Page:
NASA’s Orion space capsule tests parachutes this week

NASA’s Orion space capsule tests parachutes this week

A recent test of NASA's Orion capsule proved to be a tremendous success.

The Orion capsule has just completed a new test that puts it one step closer to being blasted towards Mars with humans on board.

The Orion capsule completed a test of its parachute system this week, as a spokesperson for NASA said that there will be a lot of activity in the sky soon, according to a Yuma Sun report.

The recent test focused on making sure the two main parachutes and the drogue parachute works, a major milestone for the program that will be critical for a successful landing on the Red Planet once the capsule makes it there.

This mechanism will stabilize and slow down the capsule before the main parachutes deploy and allow a gentle landing on Mars.

The test gave the team good visuals on how the system functions, and they are now awaiting data from the test for more insight.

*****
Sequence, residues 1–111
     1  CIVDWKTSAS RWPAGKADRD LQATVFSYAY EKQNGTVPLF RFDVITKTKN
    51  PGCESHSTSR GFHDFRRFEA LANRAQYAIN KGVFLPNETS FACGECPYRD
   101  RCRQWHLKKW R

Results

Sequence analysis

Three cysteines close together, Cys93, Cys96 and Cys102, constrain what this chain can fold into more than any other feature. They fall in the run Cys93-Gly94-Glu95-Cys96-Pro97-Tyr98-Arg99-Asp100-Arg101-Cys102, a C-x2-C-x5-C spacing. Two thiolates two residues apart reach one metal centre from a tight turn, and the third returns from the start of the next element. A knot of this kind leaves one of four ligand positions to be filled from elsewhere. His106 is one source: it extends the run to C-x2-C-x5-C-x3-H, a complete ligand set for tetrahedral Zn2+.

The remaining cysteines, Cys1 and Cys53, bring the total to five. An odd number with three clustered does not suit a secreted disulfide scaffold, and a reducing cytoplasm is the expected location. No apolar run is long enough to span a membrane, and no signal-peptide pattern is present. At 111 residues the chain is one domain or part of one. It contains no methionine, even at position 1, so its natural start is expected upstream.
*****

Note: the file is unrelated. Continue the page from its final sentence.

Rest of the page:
The parachutes are made out of nylon and kevlar, and weigh about 300 pounds, spreading to a diameter of 116 feet. The module was dropped from a C-17 aircraft for the test at a height of six miles, the highest the parachutes have ever been tested, although not hte highest that Orion tests have been conducted. Back in December, the Orion capsule orbited the Earth twice and was 3,600 miles above the Earth, reaching speeds of 20,000 miles per hour when it re-entered the atmosphere.

The drogue parachutes deploy at 25,000 feet, slowing down the craft before the main parachutes deploy at 8,000 feet.

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